LE: Step into STEM is a UofT-recognized club that aims topathophysiology elimiof human obesity.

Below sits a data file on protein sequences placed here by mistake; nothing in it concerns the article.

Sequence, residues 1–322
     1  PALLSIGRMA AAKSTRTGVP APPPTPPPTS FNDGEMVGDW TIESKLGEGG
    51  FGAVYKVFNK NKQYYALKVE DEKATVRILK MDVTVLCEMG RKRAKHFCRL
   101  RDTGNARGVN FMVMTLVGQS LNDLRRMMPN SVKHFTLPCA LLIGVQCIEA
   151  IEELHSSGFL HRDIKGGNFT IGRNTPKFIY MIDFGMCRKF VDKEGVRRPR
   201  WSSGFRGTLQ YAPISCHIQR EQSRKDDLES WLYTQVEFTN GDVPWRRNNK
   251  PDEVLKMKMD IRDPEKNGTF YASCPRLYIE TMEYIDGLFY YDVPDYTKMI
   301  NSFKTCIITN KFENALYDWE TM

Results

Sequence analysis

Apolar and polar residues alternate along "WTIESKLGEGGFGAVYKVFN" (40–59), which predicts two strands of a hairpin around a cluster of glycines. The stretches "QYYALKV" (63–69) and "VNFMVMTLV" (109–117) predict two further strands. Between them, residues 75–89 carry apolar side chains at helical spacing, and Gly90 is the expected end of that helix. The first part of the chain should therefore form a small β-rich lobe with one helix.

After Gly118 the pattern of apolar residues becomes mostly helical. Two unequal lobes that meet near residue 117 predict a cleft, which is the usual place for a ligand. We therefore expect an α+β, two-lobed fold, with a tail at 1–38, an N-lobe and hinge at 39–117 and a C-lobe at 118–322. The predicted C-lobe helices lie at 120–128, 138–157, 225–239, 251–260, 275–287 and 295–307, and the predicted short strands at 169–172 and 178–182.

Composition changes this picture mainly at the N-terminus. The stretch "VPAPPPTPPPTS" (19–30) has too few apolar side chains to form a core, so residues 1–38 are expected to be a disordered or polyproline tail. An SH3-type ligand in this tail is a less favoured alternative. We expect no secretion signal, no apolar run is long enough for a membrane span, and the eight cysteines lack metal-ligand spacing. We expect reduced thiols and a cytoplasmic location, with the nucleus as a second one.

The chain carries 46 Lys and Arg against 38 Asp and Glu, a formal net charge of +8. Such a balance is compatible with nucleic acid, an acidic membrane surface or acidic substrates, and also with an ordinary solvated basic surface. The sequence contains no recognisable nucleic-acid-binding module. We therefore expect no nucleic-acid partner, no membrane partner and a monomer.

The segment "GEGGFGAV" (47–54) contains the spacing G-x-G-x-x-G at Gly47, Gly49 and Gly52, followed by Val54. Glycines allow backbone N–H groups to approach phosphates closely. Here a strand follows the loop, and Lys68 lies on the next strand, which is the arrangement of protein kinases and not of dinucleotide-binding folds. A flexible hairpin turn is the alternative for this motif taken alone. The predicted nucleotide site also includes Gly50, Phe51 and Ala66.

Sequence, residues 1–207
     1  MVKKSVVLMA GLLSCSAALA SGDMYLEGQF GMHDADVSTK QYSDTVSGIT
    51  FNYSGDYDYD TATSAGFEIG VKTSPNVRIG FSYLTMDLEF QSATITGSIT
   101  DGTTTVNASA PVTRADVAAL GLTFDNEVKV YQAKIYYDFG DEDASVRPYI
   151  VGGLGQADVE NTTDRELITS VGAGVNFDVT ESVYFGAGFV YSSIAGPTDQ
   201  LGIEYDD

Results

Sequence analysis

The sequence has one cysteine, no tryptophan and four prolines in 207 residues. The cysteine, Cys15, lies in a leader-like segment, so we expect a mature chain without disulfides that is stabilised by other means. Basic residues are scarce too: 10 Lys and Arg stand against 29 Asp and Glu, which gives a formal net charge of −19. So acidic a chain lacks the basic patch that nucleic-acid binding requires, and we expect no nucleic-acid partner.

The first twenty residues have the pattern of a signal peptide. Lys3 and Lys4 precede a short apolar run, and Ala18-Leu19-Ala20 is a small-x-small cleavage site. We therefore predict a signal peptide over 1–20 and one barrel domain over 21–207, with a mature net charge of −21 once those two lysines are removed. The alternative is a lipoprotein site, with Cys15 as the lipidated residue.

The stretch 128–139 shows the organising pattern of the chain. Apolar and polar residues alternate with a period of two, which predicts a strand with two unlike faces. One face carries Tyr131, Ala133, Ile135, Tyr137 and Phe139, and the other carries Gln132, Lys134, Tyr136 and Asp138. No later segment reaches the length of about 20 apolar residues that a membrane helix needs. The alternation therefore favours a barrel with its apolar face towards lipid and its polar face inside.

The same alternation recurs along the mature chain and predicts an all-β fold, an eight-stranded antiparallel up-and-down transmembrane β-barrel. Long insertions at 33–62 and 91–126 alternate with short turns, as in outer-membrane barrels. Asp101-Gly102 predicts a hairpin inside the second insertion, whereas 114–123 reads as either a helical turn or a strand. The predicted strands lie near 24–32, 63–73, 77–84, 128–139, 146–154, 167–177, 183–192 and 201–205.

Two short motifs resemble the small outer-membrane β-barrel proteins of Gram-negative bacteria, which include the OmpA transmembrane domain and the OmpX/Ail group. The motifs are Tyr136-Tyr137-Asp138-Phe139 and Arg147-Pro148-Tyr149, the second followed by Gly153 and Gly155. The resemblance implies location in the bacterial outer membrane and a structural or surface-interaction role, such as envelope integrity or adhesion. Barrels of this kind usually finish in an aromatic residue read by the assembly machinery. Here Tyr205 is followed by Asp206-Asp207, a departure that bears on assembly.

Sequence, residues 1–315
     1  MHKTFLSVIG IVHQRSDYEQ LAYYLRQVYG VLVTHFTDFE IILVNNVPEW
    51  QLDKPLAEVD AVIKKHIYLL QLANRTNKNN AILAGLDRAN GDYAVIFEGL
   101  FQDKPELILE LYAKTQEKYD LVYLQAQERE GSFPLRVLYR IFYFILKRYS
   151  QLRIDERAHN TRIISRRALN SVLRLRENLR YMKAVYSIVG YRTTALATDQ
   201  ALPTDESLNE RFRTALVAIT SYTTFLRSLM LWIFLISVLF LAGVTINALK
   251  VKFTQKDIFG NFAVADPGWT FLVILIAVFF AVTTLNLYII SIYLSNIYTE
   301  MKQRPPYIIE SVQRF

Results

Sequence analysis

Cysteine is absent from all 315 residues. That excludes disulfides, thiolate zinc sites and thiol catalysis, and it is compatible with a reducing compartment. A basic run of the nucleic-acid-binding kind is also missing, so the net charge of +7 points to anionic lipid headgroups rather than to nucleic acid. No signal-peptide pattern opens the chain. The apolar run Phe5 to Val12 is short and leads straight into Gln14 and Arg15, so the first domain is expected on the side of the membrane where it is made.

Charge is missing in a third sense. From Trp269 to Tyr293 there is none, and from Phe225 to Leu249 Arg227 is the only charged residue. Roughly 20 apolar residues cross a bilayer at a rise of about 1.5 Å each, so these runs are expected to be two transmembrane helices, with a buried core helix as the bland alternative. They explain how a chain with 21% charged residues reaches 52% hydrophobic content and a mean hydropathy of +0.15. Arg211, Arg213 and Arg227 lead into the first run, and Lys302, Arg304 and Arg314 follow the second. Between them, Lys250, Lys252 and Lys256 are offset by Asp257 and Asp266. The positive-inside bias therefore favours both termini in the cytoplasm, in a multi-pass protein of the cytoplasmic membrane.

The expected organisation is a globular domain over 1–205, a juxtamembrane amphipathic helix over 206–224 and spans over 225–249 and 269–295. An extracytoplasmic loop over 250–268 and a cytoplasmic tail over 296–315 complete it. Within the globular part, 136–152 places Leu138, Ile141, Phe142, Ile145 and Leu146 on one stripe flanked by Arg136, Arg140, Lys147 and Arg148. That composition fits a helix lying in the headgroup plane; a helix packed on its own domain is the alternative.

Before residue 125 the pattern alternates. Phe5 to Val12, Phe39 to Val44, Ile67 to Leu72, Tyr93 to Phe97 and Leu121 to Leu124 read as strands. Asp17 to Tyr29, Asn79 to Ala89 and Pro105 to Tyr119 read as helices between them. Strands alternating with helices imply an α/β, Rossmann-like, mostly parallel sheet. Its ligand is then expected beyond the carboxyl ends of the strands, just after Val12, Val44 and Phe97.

nate barriers for youths who are from under-represented minoriInterview conducted by Tina Binesh Marvasti ties. I founded the club with a group of friends who are all very passionate about promoting inclusion and diversity in STEM fields. For example, we created an extensive guidebook that has jobs, scholarships, mentorship, and volunteer opportunities, all for students from under-represented minorities. Our goal is to provide “Insert a significant (about 20 words) here.” youths – mostly high school students – with practical toolsquote and advice to help them explore and navigate their interest in science so that they can pursue it at higher educational levels. TBM: You were pursuing medicine as a career before you got PhD program at Rockefeller and I have been there ever since. involved Q: Why did in research. you decide What to create inspired Step youinto to change STEM?your career path from medicine to research after being trained as a medical doctor? TBM: So it seems like you have had good mentors guiding you LE: As an immigrant Muslim Black woman studying at U of T, I throughout the process. In your opinion, how important is it to haveWell, JF: had to it was creatively a combination carve outofnew what paths I think and find I sawways as my around long have a mentor in order to succeed in medicine or research? term interest, challenges I faced but also daily.chance. For example, I had actually the lackdone of representation research as a medical of faculty student and students and as awith medical similar resident, backgrounds but it wasn’t as mine particularly at my JF: I think having a good mentor in research is extremely important. distinguished. Inprogram undergraduate fact, I remember made methe regularly reviews question of the firstifpaper I belonged I ever Honestly, I don’t feel qualified to speak about that in medicine. wrote so there came I gotback involved and both in various were negative. outreachThe andfirst inclusion review explained advocacy And in medicine, there is not just one mentor anyway. I think the what the reviewer initiatives. However, thought soon were I realized some that of thethese flawsprograms of our paper tendand to evidence seems to indicate that mentors with a proven track record the second attract a specific reviewdemographic simply said that – downtown this paper should Toronto not residents be published with continue to have laboratories that deliver scientists that are more in the JCI family support or anywhere and an above-average else. So, I really financial didn’t think status;research very rarely was likely to go on to careers of distinction. So, I think a mentor is really necessarily were there where students I was who going looked to end likeup. me However, or shared I think my experiences. my mentors important. I should also say that my mentor was a very well known at the time That’s whenmust I felthave a responsibility thought that to I might expand enjoy myit.advocacy I had a gap work. yearI scientist named James Darnell. He studied RNA metabolism and betweento wanted concluding give youths mylike medical myself residency connections and the and beginning opportunities of whatI he was one of the early leaders in the field of the molecular biology was supposed often missed out to on. be aI gastroneurology wanted to make fellowship. their journeys So, aI little wasn’teasier sure revolution. By working in his lab, I developed an important level what mine than to do so with that that they year, canbut goone a little of my further professors and become from the empowtime I of understanding and a skill set that made it possible to ultimately did research ered to advocate thought for Itheir might communities like to do more too.research and introduced clone the Ob gene when we set out to do that. me to someone at Rockefeller University who was studying the relationship As minorityof students, specific all molecules Step into toSTEM addiction. executives I met Mary and IJane are grateKreek TBM: Intriguing! Most scientists in the field think that your andfor ful started privilege working of attending in her labelite for about universities, a year and so found we want thattoI really share discovery that leptin is a hormone produced by the adipose tissue love advice our research. andSoguidance instead of to going youthsonintoour mycommunities. fellowship, I entered In the past the has resulted in a paradigm shift in the field of endocrinology because